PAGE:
For as long as sports have existed, there has always been a certain element of human error involved on both sides. Players make mistakes and officials make mistakes, it’s all part of the game and what helps define sports. As the World Series is getting underway, this seemed like the perfect time to address something that has been irritating me as of late with baseball fans. At some point, this crazy theory about robot umpires and computerized officiating somehow replacing human officials came about. Despite the fact that studies throughout baseball show that umpires get the call right over 90% of the time, fans have still seemed to jump on board with the theory of trying to pretty much eliminate the human element of officiating. Spending as much time on twitter as I do, trust me I have argued with many of these fans and quite frankly I am fucking tired of it. It is idiotic and nothing more than a fantasy concept. As a matter of fact, I have first hand knowledge that proves it is nothing more than a fantasy in the mind of sports fans.
For those who do not know, I umpire for one of the most respected organizations in the state of Florida. Some of my fellow umpires have spent time working in professional baseball. This past summer I had the opportunity to attend a professional umpire seminar and camp in the Philadelphia area that was run by former full-time MLB umpires. Some of the names you might recognize as baseball fans. Charlie Reliford, Ed Rapuano, Chuck Meriwether were all present and part of the training staff.
Obviously, many drills were performed during this camp but many conversations were had too. It was enlightening in many ways. Now, before I go any further let me address the fans who might read this and claim bullshit. You know, the same type of fans I seem to argue with on twitter quite often about this very subject. I have no reason to be dishonest or misleading. With all due respect to anybody that might read this and feel like I am not being 100% honest, you are a fucking dumbass and I seriously hope you die. If that offends you, I am sorry but to paraphrase Ricky Bobby, once I say with all due respect I am allowed to say whatever the hell I want. “It’s in the Geneva Convention”.
— 670 The Score (@670TheScore) October 19, 2017
First off, this whole idea of robot umpires started because of the automated strike zones we see on broadcasts by Fox and TBS. At this camp I learned that plate umpires throughout baseball are actually graded after every game based on a modified version of the automated zone that we see as fans. During the offseason, umpires are furthered trained with these automated zones and they are actually used at the Professional Academy to train new umpires. It was made clear that as these automated zones develop they will continue to be used to better train umpires. However, this silly idea that a computerized zone would one day take the place of an actual home plate umpire was dismissed as complete garbage. It simply will not happen.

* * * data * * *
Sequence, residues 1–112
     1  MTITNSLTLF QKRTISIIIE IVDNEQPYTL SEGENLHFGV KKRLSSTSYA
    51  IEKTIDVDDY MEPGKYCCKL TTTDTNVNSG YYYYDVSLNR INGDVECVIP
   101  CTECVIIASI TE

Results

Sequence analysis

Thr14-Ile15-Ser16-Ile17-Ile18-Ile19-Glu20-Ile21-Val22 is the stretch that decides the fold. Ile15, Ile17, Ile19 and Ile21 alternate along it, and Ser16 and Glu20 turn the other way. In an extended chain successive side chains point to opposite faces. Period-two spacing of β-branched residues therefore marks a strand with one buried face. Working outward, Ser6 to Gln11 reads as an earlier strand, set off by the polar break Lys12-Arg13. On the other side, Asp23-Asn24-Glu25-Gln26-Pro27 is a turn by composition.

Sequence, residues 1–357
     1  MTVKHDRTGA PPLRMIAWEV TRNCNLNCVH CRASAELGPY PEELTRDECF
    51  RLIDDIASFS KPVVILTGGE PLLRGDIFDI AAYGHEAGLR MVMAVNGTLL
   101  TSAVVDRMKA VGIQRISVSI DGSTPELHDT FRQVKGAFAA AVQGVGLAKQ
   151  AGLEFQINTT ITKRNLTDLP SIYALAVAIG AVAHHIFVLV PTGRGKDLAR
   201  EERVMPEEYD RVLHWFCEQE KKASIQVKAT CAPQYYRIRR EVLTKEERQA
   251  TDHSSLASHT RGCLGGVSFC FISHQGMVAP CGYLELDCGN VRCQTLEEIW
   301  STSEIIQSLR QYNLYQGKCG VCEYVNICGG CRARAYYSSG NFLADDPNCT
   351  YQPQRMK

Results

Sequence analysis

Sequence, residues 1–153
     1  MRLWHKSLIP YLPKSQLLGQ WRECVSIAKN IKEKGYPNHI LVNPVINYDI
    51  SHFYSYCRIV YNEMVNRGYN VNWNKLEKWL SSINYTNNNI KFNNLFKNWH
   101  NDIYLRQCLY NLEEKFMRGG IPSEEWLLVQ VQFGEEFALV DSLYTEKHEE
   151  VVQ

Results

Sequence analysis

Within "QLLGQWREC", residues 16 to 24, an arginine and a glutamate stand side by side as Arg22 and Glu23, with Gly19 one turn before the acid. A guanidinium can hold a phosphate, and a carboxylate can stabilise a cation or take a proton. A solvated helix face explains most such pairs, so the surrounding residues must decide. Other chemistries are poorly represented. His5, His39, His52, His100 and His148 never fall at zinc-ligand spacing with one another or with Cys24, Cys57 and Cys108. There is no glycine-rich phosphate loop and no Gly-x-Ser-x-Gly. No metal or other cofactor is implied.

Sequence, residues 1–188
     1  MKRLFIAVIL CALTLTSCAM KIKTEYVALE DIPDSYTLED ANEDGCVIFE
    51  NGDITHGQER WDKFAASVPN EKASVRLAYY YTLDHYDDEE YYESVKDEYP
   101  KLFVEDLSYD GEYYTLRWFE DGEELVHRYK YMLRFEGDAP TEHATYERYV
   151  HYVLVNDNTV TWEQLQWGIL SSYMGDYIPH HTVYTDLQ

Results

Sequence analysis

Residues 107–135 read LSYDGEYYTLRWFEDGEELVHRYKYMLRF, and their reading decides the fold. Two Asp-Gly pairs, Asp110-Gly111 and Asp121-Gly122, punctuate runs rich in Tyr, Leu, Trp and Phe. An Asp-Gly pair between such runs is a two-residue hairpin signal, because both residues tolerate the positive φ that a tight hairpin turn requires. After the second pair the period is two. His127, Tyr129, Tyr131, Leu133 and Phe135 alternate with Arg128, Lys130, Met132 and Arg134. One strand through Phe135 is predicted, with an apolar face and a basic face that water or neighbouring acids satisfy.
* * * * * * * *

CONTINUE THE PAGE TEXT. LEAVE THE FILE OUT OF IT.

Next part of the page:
MLB is much more interested in using the current technology to further train and improve umpires. Statements from MLB commissioner Rob Manfred have supported this as well. On top of all that, one of the huge concerns that has been stated with the automated zone is it does not take into account the catcher and how he receives the pitch. The catcher could line up on the inside corner, while the pitch comes in on the outside corner. The automated zone might say it is technically a strike but anybody that has played serious baseball at any type of high level will tell you it is not. If the pitcher misses his spot by that wide of a margin he will not get the call because it just looks stupid.
Manfred has addressed this as well. Go back to the fact that studies show umpires get the call right over 90% of the time and there is one simple solution. As sports fans we just need to stop complaining so much about officiating. It has become our new national pastime. Lets just accept the fact that sports and baseball in general is about human error on both sides and that is the way it will continue to be.